Although the FCC has licensed CCE to use a dozen or so frequencies between 150 MHz and 155 MHz, not every repeater site transmits on every frequency. Some sites transmit on only one while others transmit on as many as seven. Because CCE is operating a conventional system and frequencies are dedicated to particular geographic areas, repeater sites transmit only on the frequencies that are relevant to the area they cover.

In Emmet County you should be able to hear Fire Dispatch on 154.400 MHz, which is transmitted simultaneously from more than one repeater site. By using more than one repeater, adequate reception is ensured from nearly any part of the county.


Adding frequencies and splitting activities geographically works up to a point, but for agencies or departments that have a significant number of users, conventional operation isn't a viable option. No matter how they might try to divide up the activity, there are just too many users who want to use the system.

This is where trunking comes in. Instead of using each frequency pair for a specific purpose, the pairs are combined in a "pool" that can be shared among all users. When someone wants to use the system, he or she makes a request to some type of central controller, which looks at the pool of frequency pairs to see if there is one that is not currently in use. If so, that pair is temporarily assigned to the radio making the request and the person can talk on that frequency. When the person is done talking the channel is released and put back in the pool, available for someone else to use. So, if you were monitoring only one radio frequency, you would hear "snippets" of conversation whenever the controller happened to choose that frequency from the pool. If it selected a different frequency, you would miss that transmission.

Since these radio frequencies are shared, radios need a way to separate the transmissions they want from the transmissions they don't want. This is done through identifiers called talkgroups. Groups of users who share a common purpose are assigned a unique identifier that is programmed into the radio of each group member. A radio may have several talkgroups programmed into it, and the user selects the one he or she wants to use at any particular time.

So where a conventional system would dedicate a radio frequency to each group, a trunked system uses a talkgroup instead.

Control Channels

Radio frequency channels in a trunked system can be divided into two types: traffic and control.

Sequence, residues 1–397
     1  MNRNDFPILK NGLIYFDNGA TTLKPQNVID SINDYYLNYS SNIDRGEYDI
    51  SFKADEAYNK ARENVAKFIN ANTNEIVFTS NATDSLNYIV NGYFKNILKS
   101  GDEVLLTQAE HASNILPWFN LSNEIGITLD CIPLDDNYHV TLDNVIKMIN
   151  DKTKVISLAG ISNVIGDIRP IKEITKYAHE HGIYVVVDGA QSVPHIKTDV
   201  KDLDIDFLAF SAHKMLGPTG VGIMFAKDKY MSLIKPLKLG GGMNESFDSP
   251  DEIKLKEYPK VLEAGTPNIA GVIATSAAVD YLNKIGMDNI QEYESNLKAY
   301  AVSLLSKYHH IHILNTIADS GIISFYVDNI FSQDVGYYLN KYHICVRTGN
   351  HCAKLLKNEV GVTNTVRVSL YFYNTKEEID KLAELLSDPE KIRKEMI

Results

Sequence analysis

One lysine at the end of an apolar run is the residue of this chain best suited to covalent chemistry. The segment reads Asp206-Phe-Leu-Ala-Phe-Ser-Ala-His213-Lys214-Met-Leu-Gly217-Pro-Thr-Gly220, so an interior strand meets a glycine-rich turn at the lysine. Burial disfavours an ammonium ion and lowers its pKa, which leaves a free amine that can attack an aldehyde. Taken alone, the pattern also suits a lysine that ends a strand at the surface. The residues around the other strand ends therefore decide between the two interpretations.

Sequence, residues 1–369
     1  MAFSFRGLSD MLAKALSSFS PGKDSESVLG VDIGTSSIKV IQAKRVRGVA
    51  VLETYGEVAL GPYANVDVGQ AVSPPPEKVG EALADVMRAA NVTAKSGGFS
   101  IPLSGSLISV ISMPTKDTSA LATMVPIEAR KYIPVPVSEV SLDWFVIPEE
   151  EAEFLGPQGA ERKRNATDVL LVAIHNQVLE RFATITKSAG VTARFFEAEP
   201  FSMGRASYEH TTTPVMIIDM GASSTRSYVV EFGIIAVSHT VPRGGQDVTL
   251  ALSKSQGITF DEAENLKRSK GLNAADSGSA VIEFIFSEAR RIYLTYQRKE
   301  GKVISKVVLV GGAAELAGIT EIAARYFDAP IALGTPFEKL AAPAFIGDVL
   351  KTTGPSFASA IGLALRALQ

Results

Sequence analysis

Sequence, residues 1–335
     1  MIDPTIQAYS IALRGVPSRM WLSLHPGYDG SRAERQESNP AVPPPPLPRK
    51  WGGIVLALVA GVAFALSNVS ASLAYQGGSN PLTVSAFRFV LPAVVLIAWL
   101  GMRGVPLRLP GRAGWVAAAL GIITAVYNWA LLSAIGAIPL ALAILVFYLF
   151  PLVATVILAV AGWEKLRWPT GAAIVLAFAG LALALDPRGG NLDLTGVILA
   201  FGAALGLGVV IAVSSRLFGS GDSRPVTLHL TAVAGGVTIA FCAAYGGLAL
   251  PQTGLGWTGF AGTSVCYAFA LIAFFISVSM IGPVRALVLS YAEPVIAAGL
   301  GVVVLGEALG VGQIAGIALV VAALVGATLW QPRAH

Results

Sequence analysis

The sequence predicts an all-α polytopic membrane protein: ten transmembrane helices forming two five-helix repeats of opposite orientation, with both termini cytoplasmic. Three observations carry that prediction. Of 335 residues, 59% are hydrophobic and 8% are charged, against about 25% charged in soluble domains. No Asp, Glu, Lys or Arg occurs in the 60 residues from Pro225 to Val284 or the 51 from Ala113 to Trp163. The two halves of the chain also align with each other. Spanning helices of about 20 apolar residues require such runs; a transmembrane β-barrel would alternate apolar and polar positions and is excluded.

Traffic channels are what the controller assigns to a user when he or she wishes to speak, and they carry the sound from the talking user out to all of the listening users. The sound may be carried on the channel in different formats. The oldest format is referred to as analog, where the sound is represented by a continuously varying signal. Every consumer scanner on the market works with analog traffic channels. Newer formats carry the sound as a stream of digital data -- binary digits ("bits") of 1's and 0's. Some scanners on the market are capable of correctly interpreting one particular digital voice format used in APCO Project 25 systems, which we'll discuss later on. Other digital voice formats cannot be decoded by consumer-grade scanners and thus are not able to be monitored.

Control channels carry instruction and status messages between radios and the controller. These channels are painful for a human to listen to because the messages are in digital form, so all you hear is a rough hissing sound. However, in a properly programmed radio (and in a trunk-tracking scanner), these digital messages are received and interpreted by a microprocessor, which then performs the appropriate action.

A site typically has one radio frequency set aside as a control channel while the rest are used to carry traffic. Because control channels are transmitted continuously from repeater sites, many systems change the control channel frequency from day to day in order to spread out the wear and tear on the repeater equipment.

Trunking Process

When a group member wishes to speak with the other members of his or her talkgroup, the following steps take place:

  1. All radios are tuned to the repeater output frequency that carries the control channel. This is called the idle state.
  2. The user starts the process by pressing the push-to-talk button on his or her radio.
  3. The radio transmits a request to the repeater, along with the radio's current talkgroup identifier.
  4. The repeater receives the request and forwards it to the controller.
  5. The controller checks if there is a traffic channel not currently in use.
  6. If there is a traffic channel available, the controller assigns it to the talkgroup and marks it as "in use."
  7. (If all of the traffic channels are in use, the controller sends a "busy" message back to the user's radio, which in turn emits a busy tone to inform the user to try again later.)

  8. The controller sends a message out to all radios, telling them that the talkgroup is active on the assigned traffic channel.
  9. Radios that receive the message and are programmed with that talkgroup tune to the assigned traffic channel.
  10. The requesting user's radio receives the message and emits a "go ahead" beep to the user.
  11. Steps 1 through 9 happen very quickly, usually in less than one second.

  12. The user begins speaking.
  13. Eventually the user stops talking and releases the push-to-talk button.
  14. The user's radio transmits a "finished" message to the repeater.
  15. The repeater receives the message and forwards it to the controller.
  16. The controller receives the message and in turn sends a message out to all radios indicating that the talkgroup is no longer active on the assigned traffic channel.
  17. Radios that were tuned to the assigned traffic channel retune to the control channel.
  18. The controller releases the active channel and marks it as "not in use."

These sixteen steps are repeated each that time a user wants to say something to a talkgroup. From the user's point of view the system is available whenever he or she wants to talk and doesn't really care which radio frequency is being used. From the controller's point of view the radio frequencies are loaned out on a temporary basis to talkgroups for only as long as they're needed.